MLTV Olfactory Stimulation Partner (sense of smell)


The sense of smell is one of the most powerful ways to trigger memory activation via sensory stimulation. There are also therapeutic benefits, specifically with regard to some of the behavioral symptoms associated with Alzheimer’s and other forms of dementia, that aroma-based stimulation can achieve. We have designed our Memory Lane TV solution from its inception to be multi-sensory, to maximize the benefits achieved from stimulation of as many senses as possible in a coordinated, harmonized way. To this end, we have partnered with the professional team at NeuroEssence, Dr. Jennifer Stelter, Johns Hopkins Press author, clinical psychologist, and National Trainer for the Certified Dementia Practitioner certification, and Jessica Ryan, biologist and Certified Dementia Practitioner, who have extensive experience utilizing olfactory stimulation to combat several of the common behavioral symptoms associated with Alzheimer’s and other forms of dementia.

We have paired much of the content with proven aroma scents to enhance the experience and therapeutic benefits for the person living with dementia. Most people will experience even greater benefit with regard to managing behavioral symptoms when leveraging the reinforcing power of harmonized multi-sensory stimulation. Try it today to see if it is a fit for you or the person(s) for whom you are caring. For more information regarding these aroma scents.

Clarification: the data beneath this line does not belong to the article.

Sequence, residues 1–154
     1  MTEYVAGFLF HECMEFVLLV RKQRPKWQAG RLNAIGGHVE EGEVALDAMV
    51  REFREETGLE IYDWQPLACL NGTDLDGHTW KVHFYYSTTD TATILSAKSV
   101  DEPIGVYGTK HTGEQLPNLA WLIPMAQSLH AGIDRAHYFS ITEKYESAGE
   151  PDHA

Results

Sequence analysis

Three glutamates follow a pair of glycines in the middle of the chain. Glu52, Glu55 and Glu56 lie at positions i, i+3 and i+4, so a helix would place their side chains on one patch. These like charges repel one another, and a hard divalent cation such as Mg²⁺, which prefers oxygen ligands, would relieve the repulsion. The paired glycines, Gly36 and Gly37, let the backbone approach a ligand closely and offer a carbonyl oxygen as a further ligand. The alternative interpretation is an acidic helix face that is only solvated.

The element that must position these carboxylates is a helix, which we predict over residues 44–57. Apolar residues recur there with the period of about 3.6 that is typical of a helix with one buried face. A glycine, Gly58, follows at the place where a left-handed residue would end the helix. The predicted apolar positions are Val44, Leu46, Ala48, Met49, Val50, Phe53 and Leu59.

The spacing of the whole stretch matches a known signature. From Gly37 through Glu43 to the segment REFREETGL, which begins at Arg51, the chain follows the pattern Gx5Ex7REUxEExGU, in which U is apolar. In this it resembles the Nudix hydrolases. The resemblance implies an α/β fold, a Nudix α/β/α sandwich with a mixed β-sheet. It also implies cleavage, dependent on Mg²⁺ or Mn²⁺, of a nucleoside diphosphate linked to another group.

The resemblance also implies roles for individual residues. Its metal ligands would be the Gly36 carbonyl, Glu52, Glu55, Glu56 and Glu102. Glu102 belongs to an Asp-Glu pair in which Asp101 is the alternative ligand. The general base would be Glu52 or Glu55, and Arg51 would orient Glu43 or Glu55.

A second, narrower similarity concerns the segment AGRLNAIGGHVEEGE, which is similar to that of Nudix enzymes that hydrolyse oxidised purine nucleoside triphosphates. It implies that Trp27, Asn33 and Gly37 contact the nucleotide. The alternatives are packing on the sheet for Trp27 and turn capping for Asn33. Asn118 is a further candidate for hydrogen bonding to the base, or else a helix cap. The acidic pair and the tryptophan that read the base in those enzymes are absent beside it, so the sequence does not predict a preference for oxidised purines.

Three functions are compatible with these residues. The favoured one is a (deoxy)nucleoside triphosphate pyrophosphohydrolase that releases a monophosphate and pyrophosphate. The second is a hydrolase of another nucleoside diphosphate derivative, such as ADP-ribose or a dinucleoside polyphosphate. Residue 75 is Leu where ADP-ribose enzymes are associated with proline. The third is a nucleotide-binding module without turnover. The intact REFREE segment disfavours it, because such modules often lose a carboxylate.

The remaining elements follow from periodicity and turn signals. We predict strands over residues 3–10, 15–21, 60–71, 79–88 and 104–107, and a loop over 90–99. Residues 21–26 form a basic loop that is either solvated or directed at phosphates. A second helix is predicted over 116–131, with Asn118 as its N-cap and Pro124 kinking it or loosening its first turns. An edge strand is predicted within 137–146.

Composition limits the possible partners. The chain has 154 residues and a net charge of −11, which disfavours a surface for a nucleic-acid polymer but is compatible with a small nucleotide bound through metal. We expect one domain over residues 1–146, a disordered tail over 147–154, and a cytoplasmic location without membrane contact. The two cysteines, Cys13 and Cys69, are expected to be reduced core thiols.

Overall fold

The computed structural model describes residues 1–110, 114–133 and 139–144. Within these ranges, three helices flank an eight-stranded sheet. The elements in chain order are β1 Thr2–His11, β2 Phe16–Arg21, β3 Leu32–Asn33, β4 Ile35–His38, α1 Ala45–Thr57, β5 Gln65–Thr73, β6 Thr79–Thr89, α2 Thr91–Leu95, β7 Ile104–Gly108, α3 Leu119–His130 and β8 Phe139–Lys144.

Check back with is in the coming weeks for news on the release of our olfactory stimulation tools and information on how you can integrate stimulating the sense of smell into your Memory Lane TV experience for even better outcomes.


Corporate Partners


TouchTown offers adult care communities a fantastic solution for managing and distributing connected content throughout the entire facility, residence, or community. Memory Lane TV can be integrated into the TouchTown platform for even easier in-community utilization.

Words Matter…

The team at Memory Lane TV believes that language matters, and it matters to us how we and others talk about the various aspects of living with Alzheimer’s and other forms of dementia.  We realize that some families and professionals who are already well versed in this universe may notice, perhaps with irritation, that in some places on our website we use terms (e.g.  “patient” or “sufferer”, etc.) that we would ordinarily not use in this context.  

But we also understand the reality that people learning about these sometimes difficult, sometimes scary topics for the first time will be searching for helpful information using everyday language and terms, because they aren’t specialists.  They’re just regular folks looking for answers, and maybe some help.  We want to meet people where they are.  That’s why the team at Memory Lane TV has made the conscious choice to optimize the language used on our website to make it as easy as possible for people to find us – even people who aren’t well versed in the preferred nomenclature of Alzheimer’s and other forms of dementia. We apologize in advance for the discomfort that might cause to some of us.